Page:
## Resources and recommendations for sustainable practices in hospital foodservice

Several resources are available to assist hospitals with developing internal policies and making changes in foodservice. The Health and Human Services (HHS) and General Services Administration (GSA) Health and Sustainability Guidelines for Federal Concessions and Vending Operations, provide general recommendations for institutional foodservice directed at improving dietary intake and increasing the ecological benefits of the food system [32]. Recommendations from a variety of sources include recycling, composting, reusing, green purchasing and cleaning practices, use of integrated pest management, green pest control, and use of compostable or bio–based single service items. Food–related sustainability standards include the use of organically, locally, or documented sustainably grown products and processes, seasonal fruits and vegetables, labeling of products to demonstrate sustainable items, ethical and environmentally sensitive animal–product sourcing, promotion of tap water over bottled water, and incentives for use of reusable beverage containers. For locally grown foods, information should identify the farms, their locations, and the sustainable practices used. Additionally, use of signage or informational programs can communicate to staff and visitors the ecologically sound, economically viable, and socially responsible values of these practices [17,32–33].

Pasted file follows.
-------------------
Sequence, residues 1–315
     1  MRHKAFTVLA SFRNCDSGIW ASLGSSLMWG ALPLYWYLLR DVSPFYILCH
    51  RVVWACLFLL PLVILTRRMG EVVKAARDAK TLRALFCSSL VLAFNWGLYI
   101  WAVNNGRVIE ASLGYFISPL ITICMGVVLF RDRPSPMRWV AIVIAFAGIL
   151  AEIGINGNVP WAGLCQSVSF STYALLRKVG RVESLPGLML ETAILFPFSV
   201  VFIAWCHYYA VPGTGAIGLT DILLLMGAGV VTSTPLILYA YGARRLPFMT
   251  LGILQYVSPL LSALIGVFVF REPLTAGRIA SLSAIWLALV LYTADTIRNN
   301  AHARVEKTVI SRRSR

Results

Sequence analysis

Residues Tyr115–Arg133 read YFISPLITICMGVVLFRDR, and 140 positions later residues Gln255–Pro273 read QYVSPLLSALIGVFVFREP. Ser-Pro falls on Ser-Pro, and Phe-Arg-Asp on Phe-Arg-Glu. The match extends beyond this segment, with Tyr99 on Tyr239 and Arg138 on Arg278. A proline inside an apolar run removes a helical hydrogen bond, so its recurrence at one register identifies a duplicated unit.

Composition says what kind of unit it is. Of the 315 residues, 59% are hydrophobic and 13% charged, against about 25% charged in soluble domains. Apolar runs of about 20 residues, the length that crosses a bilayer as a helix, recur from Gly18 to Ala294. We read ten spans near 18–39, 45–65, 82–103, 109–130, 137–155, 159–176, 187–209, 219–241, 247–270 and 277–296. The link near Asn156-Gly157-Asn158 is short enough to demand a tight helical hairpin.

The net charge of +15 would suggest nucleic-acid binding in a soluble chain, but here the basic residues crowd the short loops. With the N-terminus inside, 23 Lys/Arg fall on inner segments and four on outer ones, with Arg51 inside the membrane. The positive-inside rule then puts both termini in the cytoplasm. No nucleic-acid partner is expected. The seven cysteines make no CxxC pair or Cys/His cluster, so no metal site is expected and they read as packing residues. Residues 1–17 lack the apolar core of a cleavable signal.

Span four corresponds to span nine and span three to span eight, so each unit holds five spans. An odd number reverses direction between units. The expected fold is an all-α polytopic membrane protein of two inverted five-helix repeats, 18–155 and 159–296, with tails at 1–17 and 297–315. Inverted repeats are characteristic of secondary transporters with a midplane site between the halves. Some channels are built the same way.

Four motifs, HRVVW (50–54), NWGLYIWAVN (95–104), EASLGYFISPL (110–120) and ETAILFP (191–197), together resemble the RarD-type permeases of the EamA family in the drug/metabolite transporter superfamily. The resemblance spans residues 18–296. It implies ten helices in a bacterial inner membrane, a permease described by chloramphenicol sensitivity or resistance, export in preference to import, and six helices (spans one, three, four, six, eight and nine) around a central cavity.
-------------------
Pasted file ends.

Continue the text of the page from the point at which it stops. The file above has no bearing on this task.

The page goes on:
Health Care without Harm has a Healthy Food in Health Care Program that includes a Pledge for hospitals to sign [6,34]. Aspects of the program include protecting antibiotics, local and sustainable purchasing, balanced menus, healthy beverages, making a connection between food choices and climate change, and public policy.